Rather than transferring the biodegradable kitchen and household waste to the landfill, building a compost pile is a practical solution to the waste problem. Compost can inhibit some plant diseases and pests, remove the need for chemical fertilizers, and increase the water efficiency of your plantings. However, some things should never go into your compost bin or pile.
Beyond attracting insects and rodents, these materials present other problems in composting.
Raw rice can produce bacteria that is dangerous. So you would never want to include it in a compost pile, if you are looking for certain nutrients that rice contains, just cook the rice beforehand.
It can also create a matted layer in your compost pile. If you add too much rice to your compost pile, it may create a matted layer that prevents air and moisture from circulating. This slows down the composting process and creates an anaerobic environment leading to the growth of harmful bacteria.
2. Used cooking oil, grease and fat
These materials don’t readily degrade and can also coat other materials inhibiting breakdown.
3. Meat and bones
These materials as you can assume do not degrade well or quickly. Bones will take far far longer than you are willing to wait and the meat will just attract insects and rodents.
4. Dairy products
You should not add dairy products to a compost pile because they can:
- Attract pests and diseases. Dairy products are high in protein and fat, which makes them a feast for pests like rats, flies, and maggots. They can also attract diseases, such as salmonella and E. coli.
- Create unpleasant odors. As dairy products decompose, they release gases that can produce a foul smell. This odor can be off-putting to neighbors and attract pests.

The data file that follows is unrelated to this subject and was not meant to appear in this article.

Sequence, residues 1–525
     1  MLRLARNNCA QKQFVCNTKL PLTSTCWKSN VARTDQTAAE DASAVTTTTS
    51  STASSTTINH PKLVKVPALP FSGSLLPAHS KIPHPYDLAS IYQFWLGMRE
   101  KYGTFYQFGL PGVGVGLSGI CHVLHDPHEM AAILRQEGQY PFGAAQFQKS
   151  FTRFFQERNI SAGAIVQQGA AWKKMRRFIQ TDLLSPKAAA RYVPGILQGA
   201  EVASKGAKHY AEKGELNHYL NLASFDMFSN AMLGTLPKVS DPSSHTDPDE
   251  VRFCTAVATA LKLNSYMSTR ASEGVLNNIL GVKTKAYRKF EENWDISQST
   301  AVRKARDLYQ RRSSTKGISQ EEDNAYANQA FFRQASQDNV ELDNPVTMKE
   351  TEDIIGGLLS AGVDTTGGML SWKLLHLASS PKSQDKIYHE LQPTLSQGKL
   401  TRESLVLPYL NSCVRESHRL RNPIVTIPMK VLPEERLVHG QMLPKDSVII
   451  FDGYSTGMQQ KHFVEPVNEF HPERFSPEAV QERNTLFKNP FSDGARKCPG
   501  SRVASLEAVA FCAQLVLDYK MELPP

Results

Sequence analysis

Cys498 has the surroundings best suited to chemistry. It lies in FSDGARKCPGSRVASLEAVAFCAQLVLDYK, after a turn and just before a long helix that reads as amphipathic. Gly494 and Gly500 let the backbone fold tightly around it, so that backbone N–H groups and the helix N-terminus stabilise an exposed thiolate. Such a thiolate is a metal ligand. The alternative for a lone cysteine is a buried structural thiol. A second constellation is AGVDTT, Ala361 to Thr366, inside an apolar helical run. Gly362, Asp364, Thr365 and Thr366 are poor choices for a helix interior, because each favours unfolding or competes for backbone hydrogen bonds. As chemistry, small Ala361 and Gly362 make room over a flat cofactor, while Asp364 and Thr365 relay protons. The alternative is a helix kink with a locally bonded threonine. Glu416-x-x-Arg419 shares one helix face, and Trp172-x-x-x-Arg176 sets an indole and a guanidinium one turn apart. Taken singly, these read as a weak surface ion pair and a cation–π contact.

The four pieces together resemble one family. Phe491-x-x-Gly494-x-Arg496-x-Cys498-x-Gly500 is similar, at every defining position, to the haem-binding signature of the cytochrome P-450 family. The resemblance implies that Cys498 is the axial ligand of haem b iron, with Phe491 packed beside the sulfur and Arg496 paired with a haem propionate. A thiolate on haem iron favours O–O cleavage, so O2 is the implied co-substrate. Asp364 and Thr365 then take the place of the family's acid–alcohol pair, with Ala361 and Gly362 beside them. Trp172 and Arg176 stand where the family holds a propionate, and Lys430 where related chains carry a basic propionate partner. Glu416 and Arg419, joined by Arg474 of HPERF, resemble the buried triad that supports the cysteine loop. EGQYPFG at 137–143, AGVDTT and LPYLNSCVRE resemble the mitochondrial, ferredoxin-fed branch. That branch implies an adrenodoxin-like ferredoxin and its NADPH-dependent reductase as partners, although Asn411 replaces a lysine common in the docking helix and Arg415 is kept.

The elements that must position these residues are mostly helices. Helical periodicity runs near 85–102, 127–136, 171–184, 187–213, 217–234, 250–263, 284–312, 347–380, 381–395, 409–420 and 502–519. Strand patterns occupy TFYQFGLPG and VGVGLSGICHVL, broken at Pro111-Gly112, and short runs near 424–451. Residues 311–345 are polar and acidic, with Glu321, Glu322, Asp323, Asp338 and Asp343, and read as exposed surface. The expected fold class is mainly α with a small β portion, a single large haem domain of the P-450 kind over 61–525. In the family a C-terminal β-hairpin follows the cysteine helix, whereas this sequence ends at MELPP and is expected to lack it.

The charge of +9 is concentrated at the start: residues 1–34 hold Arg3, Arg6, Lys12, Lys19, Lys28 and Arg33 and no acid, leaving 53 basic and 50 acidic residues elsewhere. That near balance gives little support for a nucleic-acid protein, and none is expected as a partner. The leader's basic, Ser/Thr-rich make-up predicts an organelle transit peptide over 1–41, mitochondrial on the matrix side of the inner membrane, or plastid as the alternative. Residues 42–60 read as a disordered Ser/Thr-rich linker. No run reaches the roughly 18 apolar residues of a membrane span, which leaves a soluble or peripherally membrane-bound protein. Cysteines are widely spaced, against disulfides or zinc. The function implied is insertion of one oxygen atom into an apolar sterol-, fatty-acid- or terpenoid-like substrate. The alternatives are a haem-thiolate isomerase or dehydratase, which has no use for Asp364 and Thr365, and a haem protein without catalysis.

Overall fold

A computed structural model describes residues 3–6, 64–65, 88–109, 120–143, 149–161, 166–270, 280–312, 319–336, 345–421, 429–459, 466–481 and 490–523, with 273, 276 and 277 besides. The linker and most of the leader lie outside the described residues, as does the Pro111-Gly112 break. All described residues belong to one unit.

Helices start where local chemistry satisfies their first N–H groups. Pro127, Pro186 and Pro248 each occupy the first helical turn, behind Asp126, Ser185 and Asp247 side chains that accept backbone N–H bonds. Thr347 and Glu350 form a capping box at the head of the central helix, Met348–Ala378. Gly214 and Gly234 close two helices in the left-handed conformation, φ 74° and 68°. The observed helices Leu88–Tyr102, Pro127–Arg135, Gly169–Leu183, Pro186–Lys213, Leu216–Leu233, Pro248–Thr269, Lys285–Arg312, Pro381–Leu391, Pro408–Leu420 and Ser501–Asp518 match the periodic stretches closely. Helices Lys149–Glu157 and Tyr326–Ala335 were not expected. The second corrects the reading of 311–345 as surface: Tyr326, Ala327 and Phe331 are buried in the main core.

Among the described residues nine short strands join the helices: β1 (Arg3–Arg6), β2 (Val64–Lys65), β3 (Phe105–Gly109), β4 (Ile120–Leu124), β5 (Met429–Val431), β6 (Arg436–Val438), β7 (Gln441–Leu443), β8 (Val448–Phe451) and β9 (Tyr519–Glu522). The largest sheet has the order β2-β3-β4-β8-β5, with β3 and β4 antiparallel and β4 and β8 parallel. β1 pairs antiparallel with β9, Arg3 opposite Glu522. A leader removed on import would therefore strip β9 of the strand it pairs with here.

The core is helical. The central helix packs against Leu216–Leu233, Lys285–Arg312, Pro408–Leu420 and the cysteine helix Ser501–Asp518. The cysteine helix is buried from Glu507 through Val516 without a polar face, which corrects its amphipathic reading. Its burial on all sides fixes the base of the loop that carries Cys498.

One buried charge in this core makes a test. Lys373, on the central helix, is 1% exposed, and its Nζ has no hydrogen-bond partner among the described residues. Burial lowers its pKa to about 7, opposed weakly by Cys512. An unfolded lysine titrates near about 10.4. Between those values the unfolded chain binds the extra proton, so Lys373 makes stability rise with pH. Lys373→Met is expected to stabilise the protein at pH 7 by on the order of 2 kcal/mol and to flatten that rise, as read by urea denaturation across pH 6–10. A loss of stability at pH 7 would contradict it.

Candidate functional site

- Slow down the composting process. Dairy products are high in moisture and fat, which can make it difficult for the microorganisms in compost to break them down. This can slow down the composting process and make it more difficult to create finished compost.
5. Walnut shells
Contains juglone that is deadly to plants. It is one of those natural items that are just not a good idea for the health of future plants to plan on having.
Some types of paper, such as newspapers and brown bags, can enhance your compost pile, particularly if you are using worms. Other kinds of paper like magazines, catalogs, and printed cards are simply not degradable and often are made with toxic materials.
Most commercial-grade lumber is chemically treated, and thus the sawdust or ashes should never go into the compost pile. The experts from Ware Disposal Co., Inc. say that wood ash is highly alkaline and when moist produces lye, neither of which is good for your compost pile.
8. Human and Animal Waste
Human and carnivorous animal waste should never go in the compost pile because of the risk of disease. Also, cats and dogs have organisms in their digestive tracts that are detrimental to the composting process and to plants. However, the bedding and waste from herbivorous animals such as hamsters is fine and actually can work to aerate the compost pile.
9. Plant Materials
Invasive plants such as dandelions or ivy will simply use your compost pile as a prime growing spot, so they should go in the garbage. Diseased plants should also go in the trash to avoid transferring problems to your healthy plants.
10. Inorganic Materials
Materials such as chemical fertilizers and pesticides, plastics, cleaning solutions, and medical waste are deadly to your compost pile because they kill the natural organic processes. They may also transfer toxins into your garden, and to you when you eat produce you have grown.
Composting is an easy, practical way to build ecological sustainability into your life. The benefits of compost include lowering your water bill, lessening the amount of waste you send to the landfill, and improving your lawn and garden soils.